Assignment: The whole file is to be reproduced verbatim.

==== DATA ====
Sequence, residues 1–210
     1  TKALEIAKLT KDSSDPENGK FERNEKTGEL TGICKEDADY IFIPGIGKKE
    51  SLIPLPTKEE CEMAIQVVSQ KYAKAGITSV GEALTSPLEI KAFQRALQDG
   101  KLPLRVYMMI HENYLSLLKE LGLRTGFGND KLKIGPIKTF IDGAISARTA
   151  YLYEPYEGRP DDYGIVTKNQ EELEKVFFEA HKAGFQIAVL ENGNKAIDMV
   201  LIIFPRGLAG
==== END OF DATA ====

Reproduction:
Sequence, residues 1–210
     1  TKALEIAKLT KDSSDPENGK FERNEKTGEL TGICKEDADY IFIPGIGKKE
    51  SLIPLPTKEE CEMAIQVVSQ KYAKAGITSV GEALTSPLEI KAFQRALQDG
   101  KLPLRVYMMI HENYLSLLKE LGLRTGFGND KLKIGPIKTF IDGAISARTA
   151  YLYEPYEGRP DDYGIVTKNQ EELEKVFFEA HKAGFQIAVL ENGNKAIDMV
   201  LIIFPRGLAG